State director: SBA offers help in working business magic
The Business Times
Greg Lopez acknowledges that even a federal agency as large as the U.S. Small Business Administration can’t assure profitability for small business owners. “We don’t have the magic wand to make people successful.”
But owners who work with the agency and avail themselves of its numerous programs are more likely to make their own magic, said Lopez, director of the Colorado District Office of the SBA. “We have the resources and knowledge to help make them successful.”
Improving prospects for growth in Colorado, including the Western Slope, means there’s no time like the present, he added.
Lopez recently traveled to Grand Junction to detail provisions of the newly implemented federal health care law and speak at a one-year anniversary celebration for the Western Colorado Latino Chamber of Commerce.
In a wide-ranging interview with the Business Times, Lopez also discussed his outlook for small businesses in the state and some of the ways the SBA can help those businesses.
Lopez said his expectations for 2014 are as upbeat as any he’s had since becoming director of the Colorado SBA office in 2008. The “shock factor” of a financial meltdown and ensuing recession has worn off even as economic and business conditions have stabilized, he said.
“I’m feeling more positive today about the well-being of small businesses,” he said.
Lopez bases his outlook on a several factors, among them the increasing number of cranes in the Denver skyline in use in constructing new buildings. Along with commercial development, the pace of residential development has accelerated, he said.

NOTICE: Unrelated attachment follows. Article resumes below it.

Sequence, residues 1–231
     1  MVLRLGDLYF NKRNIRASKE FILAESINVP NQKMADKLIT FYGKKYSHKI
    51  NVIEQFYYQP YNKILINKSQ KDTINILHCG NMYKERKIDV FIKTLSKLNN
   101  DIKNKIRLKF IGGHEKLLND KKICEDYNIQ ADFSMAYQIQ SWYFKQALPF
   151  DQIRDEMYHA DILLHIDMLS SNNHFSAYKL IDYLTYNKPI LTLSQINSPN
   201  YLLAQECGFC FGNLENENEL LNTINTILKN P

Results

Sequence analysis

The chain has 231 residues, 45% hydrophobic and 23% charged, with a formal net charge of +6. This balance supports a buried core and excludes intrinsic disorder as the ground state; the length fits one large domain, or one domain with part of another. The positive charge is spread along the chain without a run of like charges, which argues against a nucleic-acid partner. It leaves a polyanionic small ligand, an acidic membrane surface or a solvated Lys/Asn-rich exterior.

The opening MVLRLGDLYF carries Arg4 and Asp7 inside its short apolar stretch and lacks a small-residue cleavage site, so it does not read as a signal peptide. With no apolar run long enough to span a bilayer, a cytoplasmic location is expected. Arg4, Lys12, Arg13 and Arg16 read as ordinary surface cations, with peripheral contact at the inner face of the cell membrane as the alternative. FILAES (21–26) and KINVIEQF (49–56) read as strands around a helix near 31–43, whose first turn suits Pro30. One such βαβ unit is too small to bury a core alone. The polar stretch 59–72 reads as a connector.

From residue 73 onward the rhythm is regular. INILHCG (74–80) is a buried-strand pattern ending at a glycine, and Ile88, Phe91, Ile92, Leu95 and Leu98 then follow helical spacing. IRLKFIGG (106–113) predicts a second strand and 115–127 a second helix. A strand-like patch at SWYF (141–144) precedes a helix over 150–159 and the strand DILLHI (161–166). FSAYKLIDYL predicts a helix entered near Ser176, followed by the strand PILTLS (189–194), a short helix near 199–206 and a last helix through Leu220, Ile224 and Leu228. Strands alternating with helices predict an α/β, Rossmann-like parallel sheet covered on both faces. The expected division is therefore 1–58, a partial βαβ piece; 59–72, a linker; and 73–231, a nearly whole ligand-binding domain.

Job growth offers yet another measure, he said, with an estimated increase of 43,900 in nonfarm payrolls in Colorado during 2013. Nearly every industry sector has grown.
Moreover, banks once reluctant to lend money to businesses have put out the “welcome mat” in aggressively seeking lending opportunities, he added.
As consumer confidence has improved, so has business confidence, he said. “There’s a sentiment of recovery.”
While the economic recovery has been most robust along the Front Range, Lopez said he expects improving conditions to extend to other areas of Colorado, including the Western Slope.
Lopez welcomed an announcement by WPX Energy the company plans to increase the number of drilling rigs operating in the Piceance Basin this year by two to nine and increase capital expenditures in the region by $100 million to nearly $500 million.
Even with improving conditions, small business owners still must address the fundamentals to succeed, Lopez said — selling the goods and services customers want and consistently providing a positive experience.
In addition to loan guaranty programs that ease access to capital, the SBA can help through programs that provides counseling and promote government contracting opportunities, he said.
The important step for owners, Lopez said, is to avail themselves of those resources, whether it’s gleaning information from the SBA website or calling the agency. Funded in part by the SBA, a network of small business development centers throughout Colorado offer free and low-cost counseling and training. That includes the center operated at the Business Incubator Center in Grand Junction.
The SBA can help in evaluating and adjusting business plans, inventories and marketing as well as assisting businesses in landing government contracts that increase sales, Lopez said.
While the SBA can’t guarantee profitability, the agency can help small business owners achieve it, Lopez said. “We’re here to help them to be successful.”
For more information about SBA resources, log on to www.sba.gov or call the SBA Colorado District Office at (303) 844-2607.